As companies spend more money on cyber defense, they are often protecting vast amounts of data that is of little or no business use and some information which, if exposed, could be potentially embarrassing.
And if you are like most companies, you have a certain amount of “zombie data” – or information that you may not even realize you had, but that could be harmful if discovered and abused by an outside party.
One of the biggest challenges today is to keep intruders away from your most sensitive files, as well as from files that could be potentially embarrassing if they were leaked.
Worse, if your business is hacked, you will have to sift through troves of data, much of it information that’s never accessed, to find out what the hackers may have breached.
Think about all of the files you have that are of little value to your business: drafts of reports, duplicates, personal communications, and more. What’s important and what’s not? You’ll have to look through it all to find out if sensitive information was compromised.
This is why businesses should manage and cull their data regularly – or at least remove data not integral to their operations from their main database. That way, your business can reduce its “cyber perimeter” to reduce the infrastructure that you have to focus on securing and protecting.
A recent blog post by the law firm of Pillsbury Winthrop Shaw Pittman recommends taking the shears to your electronic data. It reasons that the less data you have to secure, the more you will be able to manage and protect the information that is the most important to your company.
Doing this will also make it easier to monitor who has accessed which data.
Trimming the amount of data you store reduces the chances of information being exposed that may not be high value or protected personal information, but communications that might be embarrassing to your company.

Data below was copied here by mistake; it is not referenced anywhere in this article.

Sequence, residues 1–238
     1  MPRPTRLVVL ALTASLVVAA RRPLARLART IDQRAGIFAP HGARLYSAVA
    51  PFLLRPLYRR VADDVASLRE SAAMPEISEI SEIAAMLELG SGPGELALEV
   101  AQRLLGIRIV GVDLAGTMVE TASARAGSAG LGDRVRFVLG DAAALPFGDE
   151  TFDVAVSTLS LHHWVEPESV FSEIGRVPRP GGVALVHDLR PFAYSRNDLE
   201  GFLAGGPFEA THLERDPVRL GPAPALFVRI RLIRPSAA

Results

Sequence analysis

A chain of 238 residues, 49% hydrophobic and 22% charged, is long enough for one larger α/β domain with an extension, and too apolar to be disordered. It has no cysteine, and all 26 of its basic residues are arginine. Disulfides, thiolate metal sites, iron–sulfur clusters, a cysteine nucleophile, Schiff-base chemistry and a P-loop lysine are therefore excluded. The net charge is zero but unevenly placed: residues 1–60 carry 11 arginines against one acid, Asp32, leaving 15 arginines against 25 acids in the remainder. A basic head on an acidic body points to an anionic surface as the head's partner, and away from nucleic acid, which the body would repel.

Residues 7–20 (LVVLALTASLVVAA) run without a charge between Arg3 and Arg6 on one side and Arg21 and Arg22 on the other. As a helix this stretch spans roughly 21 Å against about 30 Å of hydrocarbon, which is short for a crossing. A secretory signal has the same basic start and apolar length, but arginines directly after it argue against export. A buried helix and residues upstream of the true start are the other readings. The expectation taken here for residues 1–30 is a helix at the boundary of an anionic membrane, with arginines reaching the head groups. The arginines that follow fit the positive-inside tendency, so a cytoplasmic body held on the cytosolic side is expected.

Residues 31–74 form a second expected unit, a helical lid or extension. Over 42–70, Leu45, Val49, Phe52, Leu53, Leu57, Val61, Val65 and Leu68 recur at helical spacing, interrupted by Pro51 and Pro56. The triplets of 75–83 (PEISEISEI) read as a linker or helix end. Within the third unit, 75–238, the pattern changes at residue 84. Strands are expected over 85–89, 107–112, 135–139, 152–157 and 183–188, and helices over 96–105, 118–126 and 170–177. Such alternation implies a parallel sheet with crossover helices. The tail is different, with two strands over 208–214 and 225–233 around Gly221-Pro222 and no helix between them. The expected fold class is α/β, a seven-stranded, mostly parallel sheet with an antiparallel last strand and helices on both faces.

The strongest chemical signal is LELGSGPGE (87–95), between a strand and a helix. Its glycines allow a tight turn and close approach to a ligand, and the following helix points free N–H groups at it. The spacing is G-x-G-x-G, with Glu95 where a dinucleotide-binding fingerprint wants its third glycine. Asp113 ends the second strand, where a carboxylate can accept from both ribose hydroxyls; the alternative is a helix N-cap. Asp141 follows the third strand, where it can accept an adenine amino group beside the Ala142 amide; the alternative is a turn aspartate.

Think you don’t have that kind of content? Just think back to the Sony Pictures breach when its president’s e-mails criticizing certain movie stars were leaked and exposed to the public. What if you or one of your staff made flippant, derogatory comments about a customer in an e-mail? That could be there.
As to the issue of zombie data – the enormous amount of data most organizations keep that lacks both purpose and insight – this information, which usually originates from former employees, has no business value or valid reason to be retained but is still being preserved, backed up and maintained on corporate networks.
It’s zombie in that the user no longer exists, and the data is inactive.
Most zombie data comes from files and file shares which IT organizations routinely dump off of devices when employees leave companies.
Zombie data poses two problems. It takes up storage space, which costs money, and you would have to try to retrieve it if you are embroiled in a lawsuit and the opposing lawyer files for discovery.
So now zombie files would need to be queried, which is not an easy process like reading a directory, for the appropriate employee or user. The process is tedious and may turn up significantly more information than the company needs to review and potentially produce. In short, it’s expensive to do this.
To avoid this scenario, you may want to consider culling your records, but make sure you comply with your preservation obligations as well as applicable regulations and laws.
The brass tacks
Obviously the less harmful the information is that exists on your servers, the better off a company is.
One other benefit from trimming the amount of data you store is that it allows you to better focus your current cyber defense efforts on the information that matters most.
It may also free up some of your budget, which you could use to encrypt the data so that hackers might not able to use it, or on other techniques designed to make it more likely that hackers will gain access to wrong or useless information.